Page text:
Under accelerating climate change and intensifying droughts [4,5], the observed responses of the provenances to regional weather drivers (Table 4, Figure 4) support the genetic adaptation of metapopulations to local climates [15,17,29]. This implies the possibility of improving the ecological plasticity of forest reproductive material in terms of growth sensitivity by targeted supplementation of breeding populations [7,25,47] to improve the climatic tolerance of northern genotypes [3] with the application of a semi-conservative management strategy.

5. Conclusions

The studied south-eastern Baltic provenances of Scots pine differed by their plasticity of responses to regional weather drivers of increment, implying the specific sensitivity of growth. The observed responses indicate the uneven adaptive significance of sensitivity to metrological conditions throughout the year, with the conditions related to water availability during the formation of the tree-ring playing the main role under a temperate climate, although, the top-performing provenances showed higher sensitivity to these conditions, implying the advantages of more plastic growth regulation under a rapidly changing climate. Accordingly, the sensitivity and plasticity of increment can be a valuable trait facilitating the selection and breeding of trees better adapted to the future climates. Moreover, the obtained results encourage supplementation of the local breeding populations with the top-performing provenances originating from regions with projected climatic conditions.

Supplementary Materials

The following are available online at https://www.mdpi.com/article/10.3390/f12121641/s1, Figure S1: Mean monthly temperature (line) and precipitation sums (bars) at the studied trials during 1997–2017; Figure S2: Mean monthly temperature (lines) and precipitation sums (bars) at the origin of the studied provenances during 1931–1960; Figure S3: Sample depth (replication) of the crossdated datasets of tree-ring width of the studied provenance of Scots pine according to trial; Table S1: Number of surviving trees, overall survival, mean tree height (H), stem diameter at breast height (DBH), standing volume (M), and ranking (according to tree height) of the studied provenances of Scots pine in three trials in hemiboreal zone in Latvia; Table S2: Number of Scots pine trees cored according to provenances and trials.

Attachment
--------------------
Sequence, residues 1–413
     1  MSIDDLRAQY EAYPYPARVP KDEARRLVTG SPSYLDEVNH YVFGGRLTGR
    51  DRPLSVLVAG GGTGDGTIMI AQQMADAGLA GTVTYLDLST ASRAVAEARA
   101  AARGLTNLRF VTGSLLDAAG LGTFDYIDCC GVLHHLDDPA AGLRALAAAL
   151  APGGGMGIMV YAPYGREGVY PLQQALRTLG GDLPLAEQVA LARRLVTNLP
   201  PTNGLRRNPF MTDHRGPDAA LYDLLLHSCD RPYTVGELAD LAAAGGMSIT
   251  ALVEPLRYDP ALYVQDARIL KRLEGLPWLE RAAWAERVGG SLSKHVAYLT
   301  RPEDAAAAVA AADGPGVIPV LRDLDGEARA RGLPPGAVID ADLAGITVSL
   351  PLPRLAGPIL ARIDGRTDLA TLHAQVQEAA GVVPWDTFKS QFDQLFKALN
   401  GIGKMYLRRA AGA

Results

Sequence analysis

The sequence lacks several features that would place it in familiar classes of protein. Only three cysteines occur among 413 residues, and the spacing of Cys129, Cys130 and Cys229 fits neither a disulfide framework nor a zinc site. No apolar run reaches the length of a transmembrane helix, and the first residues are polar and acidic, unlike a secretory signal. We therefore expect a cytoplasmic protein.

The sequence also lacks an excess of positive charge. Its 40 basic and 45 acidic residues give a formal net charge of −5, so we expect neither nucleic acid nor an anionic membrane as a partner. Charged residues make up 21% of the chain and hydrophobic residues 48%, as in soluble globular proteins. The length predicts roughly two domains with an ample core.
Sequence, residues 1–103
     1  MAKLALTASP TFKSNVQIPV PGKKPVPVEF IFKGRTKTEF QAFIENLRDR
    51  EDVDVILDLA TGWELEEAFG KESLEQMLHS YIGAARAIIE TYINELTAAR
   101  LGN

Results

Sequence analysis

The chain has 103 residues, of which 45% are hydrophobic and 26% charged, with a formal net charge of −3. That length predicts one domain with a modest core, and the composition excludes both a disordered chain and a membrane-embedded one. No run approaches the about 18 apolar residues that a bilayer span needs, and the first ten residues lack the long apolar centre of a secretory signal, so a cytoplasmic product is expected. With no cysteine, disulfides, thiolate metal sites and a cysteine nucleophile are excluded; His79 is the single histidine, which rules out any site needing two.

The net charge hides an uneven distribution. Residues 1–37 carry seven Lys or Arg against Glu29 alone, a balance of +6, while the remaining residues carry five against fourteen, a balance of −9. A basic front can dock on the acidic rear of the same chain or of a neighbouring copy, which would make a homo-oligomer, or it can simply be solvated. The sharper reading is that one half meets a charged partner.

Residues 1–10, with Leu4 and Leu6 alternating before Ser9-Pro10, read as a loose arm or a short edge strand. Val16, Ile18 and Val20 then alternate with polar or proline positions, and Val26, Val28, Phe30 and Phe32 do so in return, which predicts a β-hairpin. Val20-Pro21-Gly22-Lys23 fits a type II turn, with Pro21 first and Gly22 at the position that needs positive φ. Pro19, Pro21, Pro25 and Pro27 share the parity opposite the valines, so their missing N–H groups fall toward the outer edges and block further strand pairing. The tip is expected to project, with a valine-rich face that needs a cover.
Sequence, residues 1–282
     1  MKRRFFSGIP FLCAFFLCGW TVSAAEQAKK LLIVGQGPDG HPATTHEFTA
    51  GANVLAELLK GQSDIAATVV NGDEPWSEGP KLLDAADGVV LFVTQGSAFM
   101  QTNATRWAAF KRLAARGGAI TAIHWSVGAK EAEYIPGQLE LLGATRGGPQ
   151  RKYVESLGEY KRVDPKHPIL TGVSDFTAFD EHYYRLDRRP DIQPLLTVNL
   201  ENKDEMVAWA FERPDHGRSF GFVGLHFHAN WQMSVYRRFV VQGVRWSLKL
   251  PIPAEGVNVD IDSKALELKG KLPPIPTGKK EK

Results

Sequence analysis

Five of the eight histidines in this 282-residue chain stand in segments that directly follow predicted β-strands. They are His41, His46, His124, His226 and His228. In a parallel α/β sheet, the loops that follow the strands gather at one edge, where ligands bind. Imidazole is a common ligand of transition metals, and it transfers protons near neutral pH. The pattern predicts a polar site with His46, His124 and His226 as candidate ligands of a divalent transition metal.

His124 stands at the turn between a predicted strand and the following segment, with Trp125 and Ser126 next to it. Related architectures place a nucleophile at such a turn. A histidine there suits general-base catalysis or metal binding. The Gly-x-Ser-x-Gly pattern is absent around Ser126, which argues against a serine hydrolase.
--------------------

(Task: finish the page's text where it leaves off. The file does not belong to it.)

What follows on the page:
Author Contributions

Conceptualization, R.M. and Ā.J.; methodology, R.M. and V.S.; software, E.B. and P.Z.; validation, R.M., E.B. and V.S.; formal analysis, D.J. and S.D.; investigation, D.J., S.D. and P.Z.; resources, Ā.J.; data curation, D.J.; writing—original draft preparation, R.M. and P.Z.; writing—review and editing, Ā.J., V.S. and E.B.; visualization, R.M. and P.Z.; supervision, R.M. and Ā.J.; project administration, R.M.; funding acquisition, R.M. and Ā.J. All authors have read and agreed to the published version of the manuscript.

Funding

The study was funded by the Latvian Council of Science (grant number: lzp-2020/2-0416). Sampling and measurements were partially supported by the framework of post-doc studies in Latvia funded by the European Regional Development Fund (project number: 1.1.1.2.VIAA/1/16/108).

Institutional Review Board Statement

Not applicable.

Informed Consent Statement

Not applicable.

Data Availability Statement

Data sharing not applicable.

Acknowledgments

We would like to acknowledge the technical staff who helped with sampling and lab-work. We also thank Renāte Saleniece, who proofread the manuscript.

Conflicts of Interest

The authors declare no conflict of interests.

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Figure 1. Location of the studied trials (circles) and origins of the studied provenances (squares) of Scots pine.
Figure 1. Location of the studied trials (circles) and origins of the studied provenances (squares) of Scots pine.